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Grandpa Pencil's Little Rhymes

Classic Nursery Rhymes #1

Classic Nursery Rhymes #1

A cat came fiddling

A cat came fiddling out of the barn,
With a pair of bagpipes under his arm,
He could sing nothing but fiddle - de - de,
The mouse has married the bumble bee;
Pipe, cat - dance, mouse,
We'll have a wedding at our good house.

As I was going to sell my eggs

As I was going to sell my eggs
I met a man with bandy legs,
Bandy legs and crooked toes;
I tripped up his heels
And he fell on his nose.

Baby and I were baked in a pie

Baby and I were baked in a pie,
The gravy was wonderfully hot.
We had nothing to pay
To the baker that day
And so we crept out of the pot.

Barber, barber, shave a pig

Barber, barber, shave a pig.
How many hairs will make a wig ?
Four and twenty, that's enough.
Give the barber a pinch of snuff.

Hark, hark, the dogs all bark.

Hark, hark, the dogs all bark,
The beggers are coming to town
Some in rags and some in tags
And some in silken gowns.
Some gave them white bread
And some gave them brown,
Some gave them a horse-whip
And sent them out of town

Diddly, diddly dumpty.

Diddly, diddly, dumpty,
The cat ran up the plum tree;
Give her a plum
And down she'll come.
Diddly, diddly, dumpty

Jumping Joan

Here am I, little jumping Joan,
When nobody's with me,
I'm always alone.

A duck and a drake

A duck and a drake,
And a halfpenny cake,
With a penny to pay the old baker.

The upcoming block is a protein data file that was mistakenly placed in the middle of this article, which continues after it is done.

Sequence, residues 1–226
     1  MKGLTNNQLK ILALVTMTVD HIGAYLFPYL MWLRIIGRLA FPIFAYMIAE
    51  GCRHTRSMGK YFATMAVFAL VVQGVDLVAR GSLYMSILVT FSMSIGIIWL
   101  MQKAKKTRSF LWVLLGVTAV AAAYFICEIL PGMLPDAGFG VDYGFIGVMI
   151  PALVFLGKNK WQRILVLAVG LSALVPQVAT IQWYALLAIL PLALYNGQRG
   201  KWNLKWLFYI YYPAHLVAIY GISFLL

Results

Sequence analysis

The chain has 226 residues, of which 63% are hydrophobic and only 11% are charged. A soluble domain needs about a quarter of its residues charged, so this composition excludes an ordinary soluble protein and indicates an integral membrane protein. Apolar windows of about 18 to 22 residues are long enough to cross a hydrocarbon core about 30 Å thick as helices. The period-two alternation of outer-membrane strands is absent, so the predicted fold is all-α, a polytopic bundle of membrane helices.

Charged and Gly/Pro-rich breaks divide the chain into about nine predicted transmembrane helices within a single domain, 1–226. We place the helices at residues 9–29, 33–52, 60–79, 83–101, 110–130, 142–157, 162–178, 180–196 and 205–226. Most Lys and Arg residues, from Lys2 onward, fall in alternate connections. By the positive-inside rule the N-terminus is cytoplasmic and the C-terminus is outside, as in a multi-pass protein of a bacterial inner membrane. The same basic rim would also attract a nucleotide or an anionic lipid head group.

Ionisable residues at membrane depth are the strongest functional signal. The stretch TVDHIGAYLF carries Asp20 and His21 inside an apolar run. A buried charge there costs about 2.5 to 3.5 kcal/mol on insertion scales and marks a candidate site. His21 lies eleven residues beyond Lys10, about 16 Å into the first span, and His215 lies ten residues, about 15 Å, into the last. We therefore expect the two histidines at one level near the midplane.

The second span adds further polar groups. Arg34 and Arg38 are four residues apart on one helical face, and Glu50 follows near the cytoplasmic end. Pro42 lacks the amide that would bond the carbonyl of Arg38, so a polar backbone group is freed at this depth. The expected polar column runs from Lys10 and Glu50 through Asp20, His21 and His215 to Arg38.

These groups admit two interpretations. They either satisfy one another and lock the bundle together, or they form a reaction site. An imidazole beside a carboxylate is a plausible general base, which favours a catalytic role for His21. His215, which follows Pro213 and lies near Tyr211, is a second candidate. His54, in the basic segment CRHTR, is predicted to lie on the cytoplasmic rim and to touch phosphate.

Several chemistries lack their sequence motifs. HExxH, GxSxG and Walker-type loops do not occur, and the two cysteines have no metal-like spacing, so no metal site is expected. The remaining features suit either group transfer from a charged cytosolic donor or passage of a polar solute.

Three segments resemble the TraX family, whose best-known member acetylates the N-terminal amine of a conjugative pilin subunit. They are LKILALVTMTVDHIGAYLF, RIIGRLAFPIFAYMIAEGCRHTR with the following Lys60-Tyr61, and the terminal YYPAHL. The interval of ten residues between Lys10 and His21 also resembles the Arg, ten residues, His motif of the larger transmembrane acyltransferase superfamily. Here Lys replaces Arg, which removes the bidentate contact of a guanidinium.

A hop and a scotch
Is another notch,
Slitherum, slatherum, take her.

A wise old owl sat in an oak

A wise old owl sat in an oak,
The more he heard the less he spoke,
The less he spoke the more he heard.
Why aren't we like that wise old bird.

As I walked by myself

As I walked by myself,
And talked to myself,
Myself said unto me:
"Look to thyself,
Take care of thyself,
For nobody cares for thee."

I answered myself,
And said to myself,
In the self same repartee:
"Look to thyself,
Or not look at thyself,
The self same thing will be."

Little Jack Horner

Little Jack Horner
Sat in a corner
Eating a Christmas pie.
He put in his thumb
And pulled out a plumb,
And said 'What a good boy am I'

There was an old woman lived under a hill.

There was an old woman
Lived under a hill;
And if she's not gone,
She lives there still.

Jolly Boys

We're all jolly boys
And we're coming with noise,
Our stockings are made
Of the finest silk
And our tails shall touch the ground.



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Published by Robin A Cartledge ~ ABN 19 924 273 138 ~ Low Head, Tasmania ~ Contact/Comment